Honda CRV for Comfort and Practicality

Honda has, since its inception, managed to produce great looking vehicles with very little difficulty. 1984’s Honda Ballade, 2003’s Accord and so forth. Honda’s design team very rarely get it wrong, except for once. 1995 saw Honda release the CRV, undoubtedly the ugliest thing to leave the Japanese design room.

Way too soft for a soft roader and old before its time, a shame really as underneath that ugly as sin skin lay a reasonably competent SUV.

Thankfully, the latest generation is a big step up in the styling department. The curved window remains but has lost the old car’s soft awkwardness. The front end has been extensively upgraded while an uptick in the window sill line of the C-pillar is evident and generally the car has sharper, edgier more contemporary Japanese lines.

A squarer rear end blends LED-fired vertical tail-lamps – a CRV trademark – with grown-up Jazz elements and Volvo-like bumper creases at the rear. Larger, 18-inch two-tone wheels are a better fit within the wheelarches, which now feature black cladding that flows along the door sills and around both ends. With all these improvements, it’s sad to say the CRV has lost some of distinctiveness and now blends into the masses too easily. It may have been achingly ugly, but it had character, something the new generation lacks.

Not as funky as the interior as the Civic, the new CRV aims for a more sophisticated feel. Most of the changes are driven by technological trends, additional equipment and a desire to improve perceived quality. Electronic seat position memory, colour display screen, gearshift paddles and a multifunction steering wheel is all included in the top-of-the-line model.

Leather and a soft-touch facia covering gives the CRV an air of luxury while the new centre console splits passengers for an even snootier feel. The console sweeps down to the carpet and extends towards the rear, fully dividing the front occupants. Also overhauled are the main instruments featuring a very dominant speedometer surrounding a tiny information screen, flanked by a rev counter and proper fuel and temperature gauges – the old car used light bars.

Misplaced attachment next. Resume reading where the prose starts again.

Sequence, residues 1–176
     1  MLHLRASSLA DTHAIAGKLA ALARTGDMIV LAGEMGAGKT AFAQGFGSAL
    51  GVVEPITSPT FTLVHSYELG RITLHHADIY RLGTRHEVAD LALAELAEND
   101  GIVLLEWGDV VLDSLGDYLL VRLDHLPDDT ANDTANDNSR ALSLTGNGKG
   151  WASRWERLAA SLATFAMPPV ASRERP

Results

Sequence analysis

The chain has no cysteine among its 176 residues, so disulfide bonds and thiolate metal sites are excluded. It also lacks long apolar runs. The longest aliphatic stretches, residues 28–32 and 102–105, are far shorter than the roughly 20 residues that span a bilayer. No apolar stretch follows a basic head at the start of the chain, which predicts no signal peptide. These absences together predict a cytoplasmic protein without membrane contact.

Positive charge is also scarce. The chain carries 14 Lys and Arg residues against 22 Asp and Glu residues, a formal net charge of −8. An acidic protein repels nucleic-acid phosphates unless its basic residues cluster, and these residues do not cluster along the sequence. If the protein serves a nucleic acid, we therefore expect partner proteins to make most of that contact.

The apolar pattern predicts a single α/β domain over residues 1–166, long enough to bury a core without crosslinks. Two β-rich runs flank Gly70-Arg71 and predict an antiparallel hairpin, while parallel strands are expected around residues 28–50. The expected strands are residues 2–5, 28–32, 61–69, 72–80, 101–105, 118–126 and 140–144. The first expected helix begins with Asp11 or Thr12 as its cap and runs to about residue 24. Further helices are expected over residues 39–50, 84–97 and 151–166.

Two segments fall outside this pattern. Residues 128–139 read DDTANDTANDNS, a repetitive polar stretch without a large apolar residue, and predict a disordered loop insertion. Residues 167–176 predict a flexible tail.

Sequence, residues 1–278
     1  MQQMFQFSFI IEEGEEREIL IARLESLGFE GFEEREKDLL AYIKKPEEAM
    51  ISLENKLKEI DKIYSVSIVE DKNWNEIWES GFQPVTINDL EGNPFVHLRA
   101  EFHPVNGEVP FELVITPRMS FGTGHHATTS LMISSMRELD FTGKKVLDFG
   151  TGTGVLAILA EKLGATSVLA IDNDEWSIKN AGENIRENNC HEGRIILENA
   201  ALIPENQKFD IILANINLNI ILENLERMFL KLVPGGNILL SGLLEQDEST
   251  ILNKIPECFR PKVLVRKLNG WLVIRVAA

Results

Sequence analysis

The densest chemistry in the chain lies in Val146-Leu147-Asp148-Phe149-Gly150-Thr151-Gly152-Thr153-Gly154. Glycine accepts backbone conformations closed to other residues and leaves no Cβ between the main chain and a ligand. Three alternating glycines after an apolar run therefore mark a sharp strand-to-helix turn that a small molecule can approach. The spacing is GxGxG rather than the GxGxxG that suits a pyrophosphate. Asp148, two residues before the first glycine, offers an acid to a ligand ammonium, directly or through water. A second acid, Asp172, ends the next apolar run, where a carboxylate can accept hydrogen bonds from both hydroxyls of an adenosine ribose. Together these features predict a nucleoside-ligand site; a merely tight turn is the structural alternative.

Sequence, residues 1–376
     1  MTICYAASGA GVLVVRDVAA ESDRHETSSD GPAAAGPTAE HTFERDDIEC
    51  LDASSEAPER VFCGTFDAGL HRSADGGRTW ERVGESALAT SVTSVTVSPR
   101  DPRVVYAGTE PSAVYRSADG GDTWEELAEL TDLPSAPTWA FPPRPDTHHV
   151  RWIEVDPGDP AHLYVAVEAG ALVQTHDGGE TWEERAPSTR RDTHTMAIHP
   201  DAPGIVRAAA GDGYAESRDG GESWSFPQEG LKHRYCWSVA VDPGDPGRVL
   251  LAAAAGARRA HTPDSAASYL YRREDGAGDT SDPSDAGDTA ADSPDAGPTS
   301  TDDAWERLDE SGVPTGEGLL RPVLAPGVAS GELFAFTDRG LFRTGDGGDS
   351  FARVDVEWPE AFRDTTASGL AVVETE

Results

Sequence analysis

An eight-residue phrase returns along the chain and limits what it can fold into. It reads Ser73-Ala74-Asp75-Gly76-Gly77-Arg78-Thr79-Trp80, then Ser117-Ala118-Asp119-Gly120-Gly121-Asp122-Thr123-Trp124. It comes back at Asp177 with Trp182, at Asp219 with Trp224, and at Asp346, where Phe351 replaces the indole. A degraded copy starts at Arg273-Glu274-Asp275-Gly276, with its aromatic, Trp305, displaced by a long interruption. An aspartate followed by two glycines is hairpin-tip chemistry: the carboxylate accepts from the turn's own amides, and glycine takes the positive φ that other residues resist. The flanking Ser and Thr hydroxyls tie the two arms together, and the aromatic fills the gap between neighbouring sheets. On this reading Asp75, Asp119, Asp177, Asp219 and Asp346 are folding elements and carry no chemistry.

Three motors variants are on offer: a 2.0 producing 114kw, a 2.4 pumping out 140kw (an 18kw improvement over the old model) and a 2.2l diesel offering 110kw and 350nm torque. The easy choice is the diesel lump of course. Smooth acceleration with little turbo lag mated to a supremely smooth five speed auto box make city driving a true pleasure. Long hauls are even better as the diesel offers more than enough torque for easy overtaking. The diesel lump beats the lethargic petrol motors by a long shot, both in refinement and frugality.

CRVs have always enjoyed respectable cornering manners and decent rolling comfort. Larger tyres, a nine percent stiffer body and recalibrated suspension settings have firmed-up the new car’s ride, and they’ve also taken dynamics up a notch. As before, double-wishbone rear suspension and newly-developed electronically-controlled all-wheel drive – aimed at quicker traction transfer to the rear when required – ensure sufficient grip when pushing on through corners, aided by effortless, well-geared electric-assisted steering.

Balanced, composed and quiet, the CRV underlines our understanding that Honda doesn’t often take engineering shortcuts. Relatively speaking, it’s an impressive achievement that keeps the CRV in line for the best-in-class handling award.

There is a great vehicle in here – better-looking than before with more kit and stellar dynamics. But does it fair well in the SUV market? In some areas yes, in others not so much. Despite this, you will buy the CRV for its comfort and practicality, its badge and its (expected) hassle-free reliability, provided you’re willing to absorb the increasingly premium price tag of course. It’s tough to follow up on a winner, but Honda’s done a decent job. In the end though, there can be only one, so buy the diesel CRV instead.

Source : The Namibian